{"content":{"id":681,"title":"'Build Your Own Lisp' Solutions: 4.6","body":"\u003cp\u003e\u003cb\u003eQ:\u003c/b\u003e What happens when you pass \u003ci\u003eprintf\u003c/i\u003e a variable that does not match the pattern?\r\n\u003cbr\u003e\r\n\u003cp\u003e\u003cb\u003eA:\u003c/b\u003e\u003c/p\u003e\r\n\u003cpre\u003e\u003ccode class=\"cpp\"\u003e#include \u0026ltstdio.h\u0026gt\r\n\r\nint main(void)\r\n{\r\n // This depends heavily on the kind of mistake you want to make. Some \r\n // examples:\r\n\r\n // A character is really a number, so this is fine.\r\n printf(\"%c\\n\", 109);\r\n // And vice-versa.\r\n printf(\"%d\\n\", 'm');\r\n // A string really just points to the memory address of the first character,\r\n // and %d will try to interpret that address as a base ten number, so this\r\n // will be something different every time you run the program.\r\n printf(\"%d\\n\", \"moo\");\r\n\r\n // These examples all happen to give you something, but the compiler has no \r\n // idea what to do with something like 'printf(\"%s\\n\", 13);', and will give \r\n // you a Segment Fault error.\r\n\r\n return 0;\r\n}\r\n\u003c/code\u003e\u003c/pre\u003e\r\n\u003cpre\u003e\u003ccode class=\"lisp\"\u003e\u0026gt ./wrong \r\nm\r\n109\r\n340750348\r\n\u003c/code\u003e\u003c/pre\u003e","publication_date":"2019-05-31T00:00:00.000Z","created_at":"2019-04-30T01:26:32.000Z","updated_at":"2019-05-01T18:38:09.000Z","user_id":1,"rating":null},"tags":"\u003ca class=\"changeable-title\" href=\"/q?tag=c\"\u003ec\u003c/a\u003e \u003ca class=\"changeable-title\" href=\"/q?tag=lisp\"\u003elisp\u003c/a\u003e \u003ca class=\"changeable-title\" href=\"/q?tag=build_your_own_lisp\"\u003ebuild_your_own_lisp\u003c/a\u003e \u003ca class=\"changeable-title\" href=\"/q?tag=answers\"\u003eanswers\u003c/a\u003e \u003ca class=\"changeable-title\" href=\"/q?tag=programming\"\u003eprogramming\u003c/a\u003e"}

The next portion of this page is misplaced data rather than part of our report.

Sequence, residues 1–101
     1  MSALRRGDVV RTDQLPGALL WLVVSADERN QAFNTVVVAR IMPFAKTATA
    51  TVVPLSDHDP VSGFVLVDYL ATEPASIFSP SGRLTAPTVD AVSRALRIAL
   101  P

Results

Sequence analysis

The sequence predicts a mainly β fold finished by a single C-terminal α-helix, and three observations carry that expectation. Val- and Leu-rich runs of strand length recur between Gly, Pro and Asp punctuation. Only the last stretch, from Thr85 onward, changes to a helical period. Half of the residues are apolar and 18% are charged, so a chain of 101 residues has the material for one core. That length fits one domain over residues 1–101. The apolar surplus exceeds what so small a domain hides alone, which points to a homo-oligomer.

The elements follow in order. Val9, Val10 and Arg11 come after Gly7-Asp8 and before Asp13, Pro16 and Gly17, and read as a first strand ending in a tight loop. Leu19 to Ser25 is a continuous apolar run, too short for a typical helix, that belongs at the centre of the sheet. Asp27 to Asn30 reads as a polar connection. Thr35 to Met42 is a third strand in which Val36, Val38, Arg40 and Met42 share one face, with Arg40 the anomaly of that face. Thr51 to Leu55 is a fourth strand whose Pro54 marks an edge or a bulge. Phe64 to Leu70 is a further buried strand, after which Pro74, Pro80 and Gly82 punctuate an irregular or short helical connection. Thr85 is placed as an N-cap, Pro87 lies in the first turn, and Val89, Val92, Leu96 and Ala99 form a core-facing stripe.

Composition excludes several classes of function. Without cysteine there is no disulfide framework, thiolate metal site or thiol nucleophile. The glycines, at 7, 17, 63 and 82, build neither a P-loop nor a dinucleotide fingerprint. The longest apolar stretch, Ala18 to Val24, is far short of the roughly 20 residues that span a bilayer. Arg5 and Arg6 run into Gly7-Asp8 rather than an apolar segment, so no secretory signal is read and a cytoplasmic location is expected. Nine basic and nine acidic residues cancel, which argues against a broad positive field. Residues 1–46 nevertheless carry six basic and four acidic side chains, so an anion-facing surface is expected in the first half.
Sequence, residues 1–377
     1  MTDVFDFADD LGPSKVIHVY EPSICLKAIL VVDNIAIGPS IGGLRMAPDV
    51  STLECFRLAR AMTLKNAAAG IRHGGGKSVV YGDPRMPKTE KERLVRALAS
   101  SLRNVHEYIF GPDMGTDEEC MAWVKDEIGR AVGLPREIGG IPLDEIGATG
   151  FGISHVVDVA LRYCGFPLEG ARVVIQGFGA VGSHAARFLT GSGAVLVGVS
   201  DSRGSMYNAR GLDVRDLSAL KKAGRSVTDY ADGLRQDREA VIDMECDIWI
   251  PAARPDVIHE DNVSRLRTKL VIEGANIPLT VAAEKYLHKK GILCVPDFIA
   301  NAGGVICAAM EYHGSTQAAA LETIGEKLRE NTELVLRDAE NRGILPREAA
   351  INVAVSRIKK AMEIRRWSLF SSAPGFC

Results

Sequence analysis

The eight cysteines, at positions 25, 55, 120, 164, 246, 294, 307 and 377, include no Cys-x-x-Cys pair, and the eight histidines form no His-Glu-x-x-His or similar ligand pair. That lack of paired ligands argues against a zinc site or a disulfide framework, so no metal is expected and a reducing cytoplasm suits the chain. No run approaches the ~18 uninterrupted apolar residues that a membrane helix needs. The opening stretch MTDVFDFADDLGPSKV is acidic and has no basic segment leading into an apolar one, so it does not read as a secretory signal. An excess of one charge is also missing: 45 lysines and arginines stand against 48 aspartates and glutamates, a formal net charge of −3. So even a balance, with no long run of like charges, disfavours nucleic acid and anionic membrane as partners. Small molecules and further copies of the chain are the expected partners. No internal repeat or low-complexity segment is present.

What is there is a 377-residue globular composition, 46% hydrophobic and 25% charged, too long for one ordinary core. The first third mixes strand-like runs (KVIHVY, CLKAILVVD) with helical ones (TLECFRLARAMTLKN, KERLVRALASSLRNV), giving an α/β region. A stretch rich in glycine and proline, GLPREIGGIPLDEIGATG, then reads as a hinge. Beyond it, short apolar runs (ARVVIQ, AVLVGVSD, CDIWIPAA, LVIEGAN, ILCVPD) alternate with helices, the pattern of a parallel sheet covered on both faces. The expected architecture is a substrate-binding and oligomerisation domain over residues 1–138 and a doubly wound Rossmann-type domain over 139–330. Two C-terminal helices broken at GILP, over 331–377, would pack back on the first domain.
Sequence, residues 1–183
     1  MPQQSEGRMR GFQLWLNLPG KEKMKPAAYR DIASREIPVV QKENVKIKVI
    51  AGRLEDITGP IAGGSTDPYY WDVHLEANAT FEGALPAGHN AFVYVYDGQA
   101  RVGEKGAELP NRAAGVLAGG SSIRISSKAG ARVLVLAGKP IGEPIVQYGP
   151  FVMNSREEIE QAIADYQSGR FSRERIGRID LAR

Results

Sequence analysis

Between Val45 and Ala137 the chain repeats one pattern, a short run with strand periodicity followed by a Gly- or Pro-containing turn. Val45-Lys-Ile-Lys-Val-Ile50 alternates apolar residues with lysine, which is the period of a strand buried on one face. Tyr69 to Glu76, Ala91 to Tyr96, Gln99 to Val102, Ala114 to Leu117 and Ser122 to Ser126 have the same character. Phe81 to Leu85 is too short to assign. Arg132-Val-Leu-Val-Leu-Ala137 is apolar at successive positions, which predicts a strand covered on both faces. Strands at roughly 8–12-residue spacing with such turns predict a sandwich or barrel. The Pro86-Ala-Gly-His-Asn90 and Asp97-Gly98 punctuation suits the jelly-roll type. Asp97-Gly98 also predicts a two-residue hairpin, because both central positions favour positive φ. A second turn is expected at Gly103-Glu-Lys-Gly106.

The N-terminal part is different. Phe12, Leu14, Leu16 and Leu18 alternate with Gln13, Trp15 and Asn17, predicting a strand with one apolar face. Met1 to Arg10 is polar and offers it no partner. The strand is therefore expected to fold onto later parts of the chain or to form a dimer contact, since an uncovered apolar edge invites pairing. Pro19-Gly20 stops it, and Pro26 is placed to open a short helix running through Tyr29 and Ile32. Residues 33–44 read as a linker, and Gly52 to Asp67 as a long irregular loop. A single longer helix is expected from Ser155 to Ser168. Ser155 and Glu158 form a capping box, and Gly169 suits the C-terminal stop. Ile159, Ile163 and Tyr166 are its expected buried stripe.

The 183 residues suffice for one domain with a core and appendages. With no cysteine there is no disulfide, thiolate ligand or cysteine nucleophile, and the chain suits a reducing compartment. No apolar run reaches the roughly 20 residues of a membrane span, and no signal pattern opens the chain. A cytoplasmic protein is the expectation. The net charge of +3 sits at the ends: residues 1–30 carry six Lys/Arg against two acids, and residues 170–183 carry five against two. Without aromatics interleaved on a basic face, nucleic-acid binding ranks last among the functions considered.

'Build Your Own Lisp' Solutions: 4.6

Q: What happens when you pass printf a variable that does not match the pattern?

A:

#include <stdio.h>

int main(void)
{
  // This depends heavily on the kind of mistake you want to make. Some 
  // examples:

  // A character is really a number, so this is fine.
  printf("%c\n", 109);
  // And vice-versa.
  printf("%d\n", 'm');
  // A string really just points to the memory address of the first character,
  // and %d will try to interpret that address as a base ten number, so this
  // will be something different every time you run the program.
  printf("%d\n", "moo");

  // These examples all happen to give you something, but the compiler has no 
  // idea what to do with something like 'printf("%s\n", 13);', and will give 
  // you a Segment Fault error.

  return 0;
}
> ./wrong 
m
109
340750348